(photo via Saturday Down South)
This season’s biggest college football rule change has many head coaches scratching their heads on how to adjust the special teams. The new rule will have teams kicking off from the 35-yard line instead of the 30 — moving them five yards closer. The change was made following the lead of the NFL which put a similar rule into place last year to create more touchbacks, cutting down on the number of returns and successfully reducing the number of injuries. To encourage the receiving team to take the touch back, dropping to a knee in the end zone will now bring the ball out to the 25-yard line, rather than 20 — moving them five yards closer to a score. So both the kicking and receiving team get five yards with the new rule.
A lot more strategy comes into play with the kickoff and kick return unit. Depending on your personnel and the opposing team’s return men. Do you want to give them an extra five yards by booting through the back of the end zone? Or do you do tell your kicker to take a little off and force a return with your coverage unit five yards closer?
When on the receiving end, do you field a kick deep in your own end zone and count on your lead blockers and speed of your returner to get it across the 25 yard line? Or do you automatically drop to a knee and thank the NCAA for the extra yardage?
Last season, Kentucky was 94th in the nation in kickoff returns with 952 yards, and their average of 20.3 yards per return ranked 88th in the nation. Just barely across touchback distance. (To be fair, the range for the top half of returns is around 23-yards, down to the bottom half of about 20-yards; so Kentucky isn’t being blown out in this area). However with the new rule change, if all things stay the same, it’s simple to see the Cats should always take a knee. Pick up five extra yards for doing nothing. If the opposing team wants to give it to you, take it. With the new rule their coverage team is even closer, and considering Kentucky’s return men just barely averaged a touchback with the coverage five yards farther away in 2011, their average for 2012 could be well below what that was.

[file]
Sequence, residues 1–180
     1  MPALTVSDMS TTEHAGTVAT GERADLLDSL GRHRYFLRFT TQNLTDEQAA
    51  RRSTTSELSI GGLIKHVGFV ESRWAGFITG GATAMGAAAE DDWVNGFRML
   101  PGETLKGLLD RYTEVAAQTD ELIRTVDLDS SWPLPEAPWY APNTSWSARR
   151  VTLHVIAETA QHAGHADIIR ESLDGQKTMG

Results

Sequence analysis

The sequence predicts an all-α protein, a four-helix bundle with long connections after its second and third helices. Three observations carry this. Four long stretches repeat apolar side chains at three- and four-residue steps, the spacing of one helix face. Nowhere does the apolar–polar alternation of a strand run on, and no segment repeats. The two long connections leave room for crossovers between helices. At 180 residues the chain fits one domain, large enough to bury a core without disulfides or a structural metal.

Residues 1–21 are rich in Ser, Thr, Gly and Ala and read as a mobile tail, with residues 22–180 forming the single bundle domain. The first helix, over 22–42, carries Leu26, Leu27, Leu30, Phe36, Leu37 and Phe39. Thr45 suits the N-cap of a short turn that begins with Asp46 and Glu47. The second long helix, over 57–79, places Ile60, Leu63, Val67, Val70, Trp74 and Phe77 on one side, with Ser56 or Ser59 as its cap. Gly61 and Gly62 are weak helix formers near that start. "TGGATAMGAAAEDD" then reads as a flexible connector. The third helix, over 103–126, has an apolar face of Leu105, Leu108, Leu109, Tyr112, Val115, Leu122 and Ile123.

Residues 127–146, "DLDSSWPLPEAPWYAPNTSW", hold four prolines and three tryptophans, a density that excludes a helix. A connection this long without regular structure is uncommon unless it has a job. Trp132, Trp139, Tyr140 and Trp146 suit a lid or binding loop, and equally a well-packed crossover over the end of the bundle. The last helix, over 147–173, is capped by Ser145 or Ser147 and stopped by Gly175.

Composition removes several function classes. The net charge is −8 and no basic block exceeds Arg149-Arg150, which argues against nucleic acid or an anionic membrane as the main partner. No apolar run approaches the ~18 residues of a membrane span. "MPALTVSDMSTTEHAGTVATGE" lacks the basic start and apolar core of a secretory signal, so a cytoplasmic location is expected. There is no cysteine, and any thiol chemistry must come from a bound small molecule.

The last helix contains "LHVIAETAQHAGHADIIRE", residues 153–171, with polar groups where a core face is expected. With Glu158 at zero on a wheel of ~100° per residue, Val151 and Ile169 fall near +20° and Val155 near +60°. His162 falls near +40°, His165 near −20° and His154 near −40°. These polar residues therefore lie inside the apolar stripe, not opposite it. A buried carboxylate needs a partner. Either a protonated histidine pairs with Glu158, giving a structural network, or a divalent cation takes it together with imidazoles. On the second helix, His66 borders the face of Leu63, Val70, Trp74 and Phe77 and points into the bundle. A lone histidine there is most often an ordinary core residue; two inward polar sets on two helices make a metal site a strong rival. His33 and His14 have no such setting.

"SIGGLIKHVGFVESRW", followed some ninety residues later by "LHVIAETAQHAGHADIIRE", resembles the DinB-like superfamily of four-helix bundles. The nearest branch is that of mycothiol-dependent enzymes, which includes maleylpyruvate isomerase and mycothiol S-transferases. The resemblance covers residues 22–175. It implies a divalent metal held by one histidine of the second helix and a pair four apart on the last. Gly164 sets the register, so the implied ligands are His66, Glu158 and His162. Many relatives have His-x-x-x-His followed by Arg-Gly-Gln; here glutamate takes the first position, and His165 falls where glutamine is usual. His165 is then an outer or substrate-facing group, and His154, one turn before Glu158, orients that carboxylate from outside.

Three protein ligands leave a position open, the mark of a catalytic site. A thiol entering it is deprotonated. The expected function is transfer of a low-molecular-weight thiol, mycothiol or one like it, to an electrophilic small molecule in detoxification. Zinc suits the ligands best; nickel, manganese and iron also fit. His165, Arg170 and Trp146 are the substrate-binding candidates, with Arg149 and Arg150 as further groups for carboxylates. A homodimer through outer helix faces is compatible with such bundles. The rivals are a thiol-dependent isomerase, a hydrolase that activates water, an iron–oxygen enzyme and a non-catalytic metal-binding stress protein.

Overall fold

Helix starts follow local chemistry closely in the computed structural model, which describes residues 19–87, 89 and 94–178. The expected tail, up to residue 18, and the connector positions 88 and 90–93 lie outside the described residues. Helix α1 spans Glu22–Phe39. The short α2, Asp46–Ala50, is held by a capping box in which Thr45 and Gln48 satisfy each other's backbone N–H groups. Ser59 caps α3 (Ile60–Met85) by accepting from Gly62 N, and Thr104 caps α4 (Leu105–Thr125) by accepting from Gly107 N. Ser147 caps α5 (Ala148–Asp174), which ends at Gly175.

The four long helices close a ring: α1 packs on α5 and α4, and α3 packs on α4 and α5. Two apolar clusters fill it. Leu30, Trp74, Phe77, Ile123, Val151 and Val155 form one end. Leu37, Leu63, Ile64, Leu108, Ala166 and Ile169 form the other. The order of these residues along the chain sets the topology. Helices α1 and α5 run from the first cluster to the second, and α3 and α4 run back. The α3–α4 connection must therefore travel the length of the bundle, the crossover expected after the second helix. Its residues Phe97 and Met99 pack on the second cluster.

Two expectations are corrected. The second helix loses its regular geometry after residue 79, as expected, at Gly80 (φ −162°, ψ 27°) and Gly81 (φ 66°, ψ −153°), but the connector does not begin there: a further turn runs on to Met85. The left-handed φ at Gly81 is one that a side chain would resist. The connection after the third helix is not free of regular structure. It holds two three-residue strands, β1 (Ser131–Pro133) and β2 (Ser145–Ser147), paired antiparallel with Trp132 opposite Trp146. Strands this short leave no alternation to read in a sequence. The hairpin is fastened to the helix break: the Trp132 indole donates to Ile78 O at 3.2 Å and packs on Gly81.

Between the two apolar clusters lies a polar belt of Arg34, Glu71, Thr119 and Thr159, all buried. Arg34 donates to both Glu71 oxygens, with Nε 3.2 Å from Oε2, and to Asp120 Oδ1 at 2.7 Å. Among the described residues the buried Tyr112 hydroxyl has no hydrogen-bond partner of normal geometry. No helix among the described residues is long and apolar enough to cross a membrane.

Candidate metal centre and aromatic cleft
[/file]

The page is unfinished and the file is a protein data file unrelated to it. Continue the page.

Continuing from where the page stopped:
But not all things are the same. The personnel factor is a big one. Depending on who is sent back deep, which team is kicking it to you, or perhaps even more importantly the situation of the game, strategy could change. Demarco Robinson is a young guy who Joker Phillips has praised as a playmaker-in-the-making. He had the opportunity to return kicks last season but didn’t make noise in the stat column. This year could be a breakout year for him, not only catching passes but returning kicks in a Randall Cobb explosive-like fashion.
Craig McIntosh will remain on kickoff duties and if Joker calls for it, continue to suppress the opponents with deep kickoffs. Considering Kentucky’s opponents averaged only 20.1 yards per return on 28 attempts, well under the new 25-yard touchback, McIntosh may want to work on keeping the ball short to make them earn those extra yards. The field is getting squeezed, so it will likely be easier to wrap up a return man looking for a hole. Keep it short to force the return and that average could drop for Kentucky in a good way.
Regardless, the new rule will only benefit Kentucky. If things stay the same, things get better. The Cats offense will get five extra yards thanks to the opposing team’s kicker sailing the football too deep into the end zone. If not and the kicker leaves it short, Demarco Robinson will scoop it up and show everyone what Joker has been talking about. Craig McIntosh is a well above-average kicker, and will be able to do anything Joker asks him to do, whether that is keeping the ball short with a floater, or driving it through the end zone to start fresh at the 25-yard line.